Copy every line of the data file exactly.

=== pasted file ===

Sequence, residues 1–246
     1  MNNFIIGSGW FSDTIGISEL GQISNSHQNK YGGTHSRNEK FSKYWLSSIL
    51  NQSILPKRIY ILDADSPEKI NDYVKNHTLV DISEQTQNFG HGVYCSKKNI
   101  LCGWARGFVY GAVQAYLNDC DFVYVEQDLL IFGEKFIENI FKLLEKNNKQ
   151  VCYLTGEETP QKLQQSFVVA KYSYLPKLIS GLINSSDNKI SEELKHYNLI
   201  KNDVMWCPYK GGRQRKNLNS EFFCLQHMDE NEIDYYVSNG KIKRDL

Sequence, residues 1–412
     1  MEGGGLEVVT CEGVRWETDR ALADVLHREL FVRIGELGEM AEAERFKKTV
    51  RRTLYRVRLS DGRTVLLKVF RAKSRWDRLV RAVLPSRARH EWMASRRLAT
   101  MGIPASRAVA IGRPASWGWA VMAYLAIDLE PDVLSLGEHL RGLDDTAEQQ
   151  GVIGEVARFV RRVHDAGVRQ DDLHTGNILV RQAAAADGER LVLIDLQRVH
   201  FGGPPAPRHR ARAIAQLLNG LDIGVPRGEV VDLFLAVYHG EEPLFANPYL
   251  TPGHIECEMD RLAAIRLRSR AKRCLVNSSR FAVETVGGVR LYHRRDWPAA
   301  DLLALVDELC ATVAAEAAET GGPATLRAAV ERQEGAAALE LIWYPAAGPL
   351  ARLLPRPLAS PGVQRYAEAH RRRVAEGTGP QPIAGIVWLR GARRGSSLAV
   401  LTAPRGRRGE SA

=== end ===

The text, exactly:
Sequence, residues 1–246
     1  MNNFIIGSGW FSDTIGISEL GQISNSHQNK YGGTHSRNEK FSKYWLSSIL
    51  NQSILPKRIY ILDADSPEKI NDYVKNHTLV DISEQTQNFG HGVYCSKKNI
   101  LCGWARGFVY GAVQAYLNDC DFVYVEQDLL IFGEKFIENI FKLLEKNNKQ
   151  VCYLTGEETP QKLQQSFVVA KYSYLPKLIS GLINSSDNKI SEELKHYNLI
   201  KNDVMWCPYK GGRQRKNLNS EFFCLQHMDE NEIDYYVSNG KIKRDL

Sequence, residues 1–412
     1  MEGGGLEVVT CEGVRWETDR ALADVLHREL FVRIGELGEM AEAERFKKTV
    51  RRTLYRVRLS DGRTVLLKVF RAKSRWDRLV RAVLPSRARH EWMASRRLAT
   101  MGIPASRAVA IGRPASWGWA VMAYLAIDLE PDVLSLGEHL RGLDDTAEQQ
   151  GVIGEVARFV RRVHDAGVRQ DDLHTGNILV RQAAAADGER LVLIDLQRVH
   201  FGGPPAPRHR ARAIAQLLNG LDIGVPRGEV VDLFLAVYHG EEPLFANPYL
   251  TPGHIECEMD RLAAIRLRSR AKRCLVNSSR FAVETVGGVR LYHRRDWPAA
   301  DLLALVDELC ATVAAEAAET GGPATLRAAV ERQEGAAALE LIWYPAAGPL
   351  ARLLPRPLAS PGVQRYAEAH RRRVAEGTGP QPIAGIVWLR GARRGSSLAV
   401  LTAPRGRRGE SA